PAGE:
19. Unlikely Luminary
A small yard or balcony with no room for trees poses a puzzle: Where to hang the string lights in your outdoor oasis? You can still have a twinkling sanctuary by looping the lights around a patio umbrella, balcony bars, or potted plants.
20. Pretty Planters
One thing that’s sure to brighten up any outdoor living space is greenery. Rather than spending money on pricey lumber to create raised garden beds, consider upcycling something you already own and turning it into a planter. This could be an old wheelbarrow, painted tin cans, a bicycle with a basket, or any outdoor-friendly item that can act as a container. Use the planters for colorful flowers or even to grow your own herbs, fruits, and vegetables.
21. For the Birds
Encourage feathered friends to visit your yard—bringing their delightful birdsong with them—by creating a DIY bird feeder. There are plenty of ideas available for how to make a bird feeder, depending on the materials you have available. Examples are bird feeders made out of an old teacup and saucer, or using empty wine bottles to feed hummingbirds, as Etsy seller BottlesUncorked does here.
RELATED: Buyer’s Guide: The Best Bird Feeders
22. Pallet Daybed
A backyard daybed provides the perfect place to kick back with a cup of coffee or a glass of wine to enjoy the outdoors. However, the options that are available in stores tend to be pretty pricey. Create your own by using upcycled wooden pallets for the frame. Make the cushion covers with any leftover material you have from other projects and fill it with unused clothing or bedding.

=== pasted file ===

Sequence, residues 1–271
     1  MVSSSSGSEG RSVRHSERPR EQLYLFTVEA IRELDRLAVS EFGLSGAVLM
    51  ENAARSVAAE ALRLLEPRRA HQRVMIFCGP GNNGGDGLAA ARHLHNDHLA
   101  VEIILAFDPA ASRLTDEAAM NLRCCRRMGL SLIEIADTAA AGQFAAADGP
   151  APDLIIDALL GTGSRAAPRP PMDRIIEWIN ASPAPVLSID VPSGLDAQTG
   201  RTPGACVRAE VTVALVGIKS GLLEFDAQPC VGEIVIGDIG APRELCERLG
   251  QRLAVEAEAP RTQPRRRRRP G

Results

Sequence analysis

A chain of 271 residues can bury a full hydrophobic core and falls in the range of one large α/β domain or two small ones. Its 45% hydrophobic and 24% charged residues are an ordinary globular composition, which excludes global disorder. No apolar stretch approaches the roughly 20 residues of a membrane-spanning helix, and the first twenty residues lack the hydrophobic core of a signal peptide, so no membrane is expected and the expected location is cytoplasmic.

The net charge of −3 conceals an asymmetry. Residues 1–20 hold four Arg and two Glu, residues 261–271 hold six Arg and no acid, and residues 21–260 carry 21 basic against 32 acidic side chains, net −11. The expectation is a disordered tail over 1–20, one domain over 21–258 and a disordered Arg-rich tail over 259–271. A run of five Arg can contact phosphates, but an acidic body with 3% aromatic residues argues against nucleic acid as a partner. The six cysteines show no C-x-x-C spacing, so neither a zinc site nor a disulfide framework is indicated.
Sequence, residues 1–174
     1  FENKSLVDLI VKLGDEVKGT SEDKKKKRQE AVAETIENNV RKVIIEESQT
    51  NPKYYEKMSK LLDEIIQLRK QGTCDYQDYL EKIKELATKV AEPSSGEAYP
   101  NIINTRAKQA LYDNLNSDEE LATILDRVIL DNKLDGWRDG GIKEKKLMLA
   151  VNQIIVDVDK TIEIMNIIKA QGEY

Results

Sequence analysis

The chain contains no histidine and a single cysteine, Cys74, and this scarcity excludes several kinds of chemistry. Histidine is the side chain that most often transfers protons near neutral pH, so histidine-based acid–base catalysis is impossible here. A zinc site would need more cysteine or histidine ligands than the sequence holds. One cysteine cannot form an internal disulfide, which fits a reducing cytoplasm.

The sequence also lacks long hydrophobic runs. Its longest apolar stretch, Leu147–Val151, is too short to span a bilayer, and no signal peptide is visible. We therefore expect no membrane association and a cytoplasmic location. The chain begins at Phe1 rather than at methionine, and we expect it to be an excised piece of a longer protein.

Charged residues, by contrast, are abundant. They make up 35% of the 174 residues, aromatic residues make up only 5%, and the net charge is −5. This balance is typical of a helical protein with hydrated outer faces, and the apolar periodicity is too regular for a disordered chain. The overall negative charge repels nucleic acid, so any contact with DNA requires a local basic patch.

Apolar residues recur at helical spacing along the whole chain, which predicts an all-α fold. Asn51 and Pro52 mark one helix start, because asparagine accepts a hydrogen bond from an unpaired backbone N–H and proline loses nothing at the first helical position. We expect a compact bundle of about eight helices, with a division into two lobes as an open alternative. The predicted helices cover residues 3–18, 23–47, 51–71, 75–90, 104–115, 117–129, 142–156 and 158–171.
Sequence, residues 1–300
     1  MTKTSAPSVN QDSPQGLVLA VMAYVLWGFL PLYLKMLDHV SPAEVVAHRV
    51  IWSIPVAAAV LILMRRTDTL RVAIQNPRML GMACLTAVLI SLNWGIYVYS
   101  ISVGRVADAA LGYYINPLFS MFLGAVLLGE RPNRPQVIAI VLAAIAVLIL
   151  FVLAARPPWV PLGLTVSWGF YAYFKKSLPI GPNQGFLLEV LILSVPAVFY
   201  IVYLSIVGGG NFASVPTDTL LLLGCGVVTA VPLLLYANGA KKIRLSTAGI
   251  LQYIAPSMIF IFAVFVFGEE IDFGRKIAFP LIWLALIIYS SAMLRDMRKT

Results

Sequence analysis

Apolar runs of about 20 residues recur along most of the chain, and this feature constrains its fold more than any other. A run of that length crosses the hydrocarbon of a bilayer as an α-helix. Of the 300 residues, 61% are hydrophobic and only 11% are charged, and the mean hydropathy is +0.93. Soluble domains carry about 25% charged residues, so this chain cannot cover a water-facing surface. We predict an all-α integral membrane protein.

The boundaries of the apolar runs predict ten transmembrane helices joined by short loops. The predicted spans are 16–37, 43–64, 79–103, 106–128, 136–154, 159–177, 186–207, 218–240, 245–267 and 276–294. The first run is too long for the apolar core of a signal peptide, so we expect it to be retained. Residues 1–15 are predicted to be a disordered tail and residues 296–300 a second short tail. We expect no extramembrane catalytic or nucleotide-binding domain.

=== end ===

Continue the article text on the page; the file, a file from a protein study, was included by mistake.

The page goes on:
23. Elegant Lighting
Have an old chandelier or pendant light that no longer works? Consider installing it outdoors and fitting it with taper candles to add opulence to your outdoor space. Alternatively, use it as a whimsical planter for hanging flowers. To give the fixture new life, consider painting it white or a cheerful, unexpected color.
24. Step by Step
Stepping stones create practical walkways that simultaneously draw the eye for visual appeal. However, you might experience sticker shock when you see how much paving stones cost. A lower-cost alternative is to cast your own stepping stones using concrete. By using this process, you not only save money on the stones, but you can get creative and add decorative flourishes like stamped patterns and glass accents.
25. Try Xeriscaping
Having lush plants and greenery certainly adds ambiance to any outdoor space, but many plants are difficult to maintain and require large quantities of water. Rather than a fully green lawn, consider xeriscaping for your property. This principle involves planting drought-tolerant grasses, shrubs, and trees that don’t require irrigation after their first year. The type of plants that are best for your property will depend on your agricultural zone, and you can fill in with gravel or rock borders.